Algonquin Provincial Park: Opeongo Lake to Canoe Lake (6 days / 58 km)
A fantastic route for a week long flat water trip through the heart of Algonquin Provincial Park. This route has a great combination of large lakes, challenging portages, small creeks, and brilliant views. Suitable for intermediate paddlers looking to spend more than just a weekend in the park.
Starting Point: Opeongo Lake (Access Point 11)
Ending Point: Canoe Lake (Access Point 4)
Total Distance: 58 km
Duration: 6 days / 5 nights
Difficulty: Beginner / Intermediate (a few long portages)
This route is located in Algonquin Provincial Park. Both Opeongo Lake (starting point) and Canoe Lake (ending point) are accessible from Highway 60.
Traditional Territory: This route in Algonquin Provincial Park is located on the traditional territory of the Omàmìwininìwag (Algonquin) and Anishinabewaki (source).
Maps & Resources
Map: Official Canoe Routes Map of Algonquin Park
Campsite Reservations: Campsite reservations are required through the Ontario Parks reservation portal. Reservations are for a campsite on A specific lake, not a specific campsite (i.e. Rock Lake).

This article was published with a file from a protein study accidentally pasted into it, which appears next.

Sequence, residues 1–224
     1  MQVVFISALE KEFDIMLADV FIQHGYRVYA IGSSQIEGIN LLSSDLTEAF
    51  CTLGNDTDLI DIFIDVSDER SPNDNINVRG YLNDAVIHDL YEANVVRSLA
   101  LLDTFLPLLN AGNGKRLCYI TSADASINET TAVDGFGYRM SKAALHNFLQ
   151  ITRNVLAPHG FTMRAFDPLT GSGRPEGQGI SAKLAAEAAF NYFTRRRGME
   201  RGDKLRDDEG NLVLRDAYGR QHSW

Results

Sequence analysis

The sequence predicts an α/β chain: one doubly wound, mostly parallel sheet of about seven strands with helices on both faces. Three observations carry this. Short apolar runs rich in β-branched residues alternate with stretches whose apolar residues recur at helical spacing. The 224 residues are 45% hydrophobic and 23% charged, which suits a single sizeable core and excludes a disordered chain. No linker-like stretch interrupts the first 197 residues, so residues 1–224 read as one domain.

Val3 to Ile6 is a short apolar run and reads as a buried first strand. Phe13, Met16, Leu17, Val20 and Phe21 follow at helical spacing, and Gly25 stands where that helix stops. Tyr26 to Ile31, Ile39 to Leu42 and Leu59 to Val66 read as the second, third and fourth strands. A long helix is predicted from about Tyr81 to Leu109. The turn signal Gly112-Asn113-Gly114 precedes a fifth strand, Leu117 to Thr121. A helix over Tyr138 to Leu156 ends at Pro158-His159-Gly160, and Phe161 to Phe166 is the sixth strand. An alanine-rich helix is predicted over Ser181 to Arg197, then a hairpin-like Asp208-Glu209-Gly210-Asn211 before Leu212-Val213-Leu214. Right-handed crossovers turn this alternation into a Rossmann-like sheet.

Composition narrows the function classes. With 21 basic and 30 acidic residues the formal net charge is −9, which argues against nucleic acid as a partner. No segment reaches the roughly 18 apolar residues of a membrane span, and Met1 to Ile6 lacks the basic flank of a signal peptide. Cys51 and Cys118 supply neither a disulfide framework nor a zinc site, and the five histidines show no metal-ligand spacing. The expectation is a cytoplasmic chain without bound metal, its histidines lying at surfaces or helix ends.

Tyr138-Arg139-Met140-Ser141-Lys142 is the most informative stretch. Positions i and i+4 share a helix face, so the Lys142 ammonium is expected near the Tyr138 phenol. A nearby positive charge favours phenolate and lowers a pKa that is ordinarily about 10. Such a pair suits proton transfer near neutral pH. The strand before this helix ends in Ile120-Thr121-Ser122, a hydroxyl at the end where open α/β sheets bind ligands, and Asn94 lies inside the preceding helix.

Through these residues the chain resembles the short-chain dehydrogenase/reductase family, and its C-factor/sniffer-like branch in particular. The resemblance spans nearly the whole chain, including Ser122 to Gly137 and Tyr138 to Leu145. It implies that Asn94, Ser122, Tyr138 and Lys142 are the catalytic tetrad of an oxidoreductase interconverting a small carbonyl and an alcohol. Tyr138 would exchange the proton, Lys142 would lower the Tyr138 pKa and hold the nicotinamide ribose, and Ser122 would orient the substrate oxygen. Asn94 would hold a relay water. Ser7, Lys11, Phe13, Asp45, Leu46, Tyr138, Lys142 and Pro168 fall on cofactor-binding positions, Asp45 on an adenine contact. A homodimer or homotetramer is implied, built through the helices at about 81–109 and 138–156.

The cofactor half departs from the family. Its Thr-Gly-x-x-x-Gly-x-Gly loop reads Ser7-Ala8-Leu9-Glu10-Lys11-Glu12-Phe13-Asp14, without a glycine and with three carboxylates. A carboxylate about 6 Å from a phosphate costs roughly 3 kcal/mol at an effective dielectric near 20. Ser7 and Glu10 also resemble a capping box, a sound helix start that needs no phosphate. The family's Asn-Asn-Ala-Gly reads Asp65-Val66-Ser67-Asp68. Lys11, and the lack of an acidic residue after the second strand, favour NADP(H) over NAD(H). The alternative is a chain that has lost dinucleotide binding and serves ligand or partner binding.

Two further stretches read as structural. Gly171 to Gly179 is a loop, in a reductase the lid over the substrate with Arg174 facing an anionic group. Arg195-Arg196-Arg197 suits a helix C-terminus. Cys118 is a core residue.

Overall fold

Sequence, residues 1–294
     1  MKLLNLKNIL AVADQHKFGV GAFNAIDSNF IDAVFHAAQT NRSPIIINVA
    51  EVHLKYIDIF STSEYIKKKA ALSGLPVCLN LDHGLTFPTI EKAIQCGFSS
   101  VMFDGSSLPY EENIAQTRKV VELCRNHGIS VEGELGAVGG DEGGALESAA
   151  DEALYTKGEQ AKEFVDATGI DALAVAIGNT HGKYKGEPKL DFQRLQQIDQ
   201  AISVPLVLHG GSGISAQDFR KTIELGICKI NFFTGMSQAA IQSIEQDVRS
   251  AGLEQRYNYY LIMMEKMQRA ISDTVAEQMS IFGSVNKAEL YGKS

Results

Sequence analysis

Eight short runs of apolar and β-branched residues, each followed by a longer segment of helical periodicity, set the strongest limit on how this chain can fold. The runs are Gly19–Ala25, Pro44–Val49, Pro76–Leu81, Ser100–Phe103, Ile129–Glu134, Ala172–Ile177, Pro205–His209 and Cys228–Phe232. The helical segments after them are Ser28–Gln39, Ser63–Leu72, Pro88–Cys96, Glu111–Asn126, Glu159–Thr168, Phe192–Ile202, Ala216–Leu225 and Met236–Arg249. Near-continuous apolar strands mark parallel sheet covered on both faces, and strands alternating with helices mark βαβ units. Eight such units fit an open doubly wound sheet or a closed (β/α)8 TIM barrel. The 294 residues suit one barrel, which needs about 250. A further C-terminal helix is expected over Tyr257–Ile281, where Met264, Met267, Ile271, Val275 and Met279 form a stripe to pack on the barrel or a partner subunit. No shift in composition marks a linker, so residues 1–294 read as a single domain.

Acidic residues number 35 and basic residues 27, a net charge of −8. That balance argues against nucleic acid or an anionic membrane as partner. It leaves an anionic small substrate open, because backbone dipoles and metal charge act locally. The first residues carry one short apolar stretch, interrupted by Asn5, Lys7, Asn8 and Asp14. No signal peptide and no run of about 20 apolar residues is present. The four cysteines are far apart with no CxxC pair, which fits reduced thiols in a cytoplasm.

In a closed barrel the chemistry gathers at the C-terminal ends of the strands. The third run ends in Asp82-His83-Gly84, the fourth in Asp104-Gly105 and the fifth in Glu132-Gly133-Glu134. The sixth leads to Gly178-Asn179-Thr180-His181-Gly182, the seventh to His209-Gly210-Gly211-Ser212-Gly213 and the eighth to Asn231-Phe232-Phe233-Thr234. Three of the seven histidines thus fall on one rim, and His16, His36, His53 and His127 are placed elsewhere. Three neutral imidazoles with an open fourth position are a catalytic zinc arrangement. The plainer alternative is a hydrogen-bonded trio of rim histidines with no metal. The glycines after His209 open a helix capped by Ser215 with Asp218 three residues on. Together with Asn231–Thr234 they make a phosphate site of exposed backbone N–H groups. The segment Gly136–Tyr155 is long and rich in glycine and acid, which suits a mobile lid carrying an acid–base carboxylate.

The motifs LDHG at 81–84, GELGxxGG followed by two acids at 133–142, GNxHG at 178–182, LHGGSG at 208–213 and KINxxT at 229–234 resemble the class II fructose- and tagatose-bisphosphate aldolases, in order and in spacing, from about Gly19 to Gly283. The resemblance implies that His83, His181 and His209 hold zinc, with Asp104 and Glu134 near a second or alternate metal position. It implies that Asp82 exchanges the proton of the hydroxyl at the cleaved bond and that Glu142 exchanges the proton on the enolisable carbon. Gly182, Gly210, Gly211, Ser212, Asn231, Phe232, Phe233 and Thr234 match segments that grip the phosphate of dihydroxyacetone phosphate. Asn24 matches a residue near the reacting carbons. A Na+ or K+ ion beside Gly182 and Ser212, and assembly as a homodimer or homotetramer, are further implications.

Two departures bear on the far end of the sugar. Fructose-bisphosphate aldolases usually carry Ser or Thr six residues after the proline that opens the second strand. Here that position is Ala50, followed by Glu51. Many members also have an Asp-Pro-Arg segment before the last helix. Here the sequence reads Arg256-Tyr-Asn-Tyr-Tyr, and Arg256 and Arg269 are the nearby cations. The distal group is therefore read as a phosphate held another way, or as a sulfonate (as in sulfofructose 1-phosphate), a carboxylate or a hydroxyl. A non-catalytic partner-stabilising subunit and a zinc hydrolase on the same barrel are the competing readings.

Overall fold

Camping Permits: Camping permits must be picked up from Opeongo Lake before starting your canoe trip.
Outfitters & Shuttles
An outfitter wasn’t used for this trip, however, a shuttle is needed from Canoe Lake (Access Point 4) to Opeongo Lake (Access Point 11) at the end of the trip. Algonquin Outfitters is recommended.
Day 1: Lake Opeongo Access Point to Middle of Opeongo (8 km)
Launching from Access point 11 has many benefits. The Algonquin Outfitters on site is a great place to rent gear or buy items you may have forgotten to pack. There are also washrooms and showers.
From there it comes down to how long you wish to paddle on your first day. It is an 8 km paddle to my favourite site at the most northern point of Windy Point along the western shore. For paddlers looking to clear more distance on the first day, the island sites south of the Western Narrows provide some amazing views and unparalleled protection from the summer bugs. For those looking to truly put in the paddling hours, the island sites in the North Arm are well worth the extra effort.
Winds on Opeongo can be relentless. Algonquin Outfitters provides shuttle service to any point on the lake. When paddling, stick to the shore where possible.
Campsite: Northernmost Windy Point site. Massive site with multiple areas, including a large rock hill complete with a rope swing.
I also recommend the southernmost island site in the Western Narrows. A secluded island site with spectacular views of the lake. The take out is a little tricky, but the rest of the site is flat and perfect for a large group.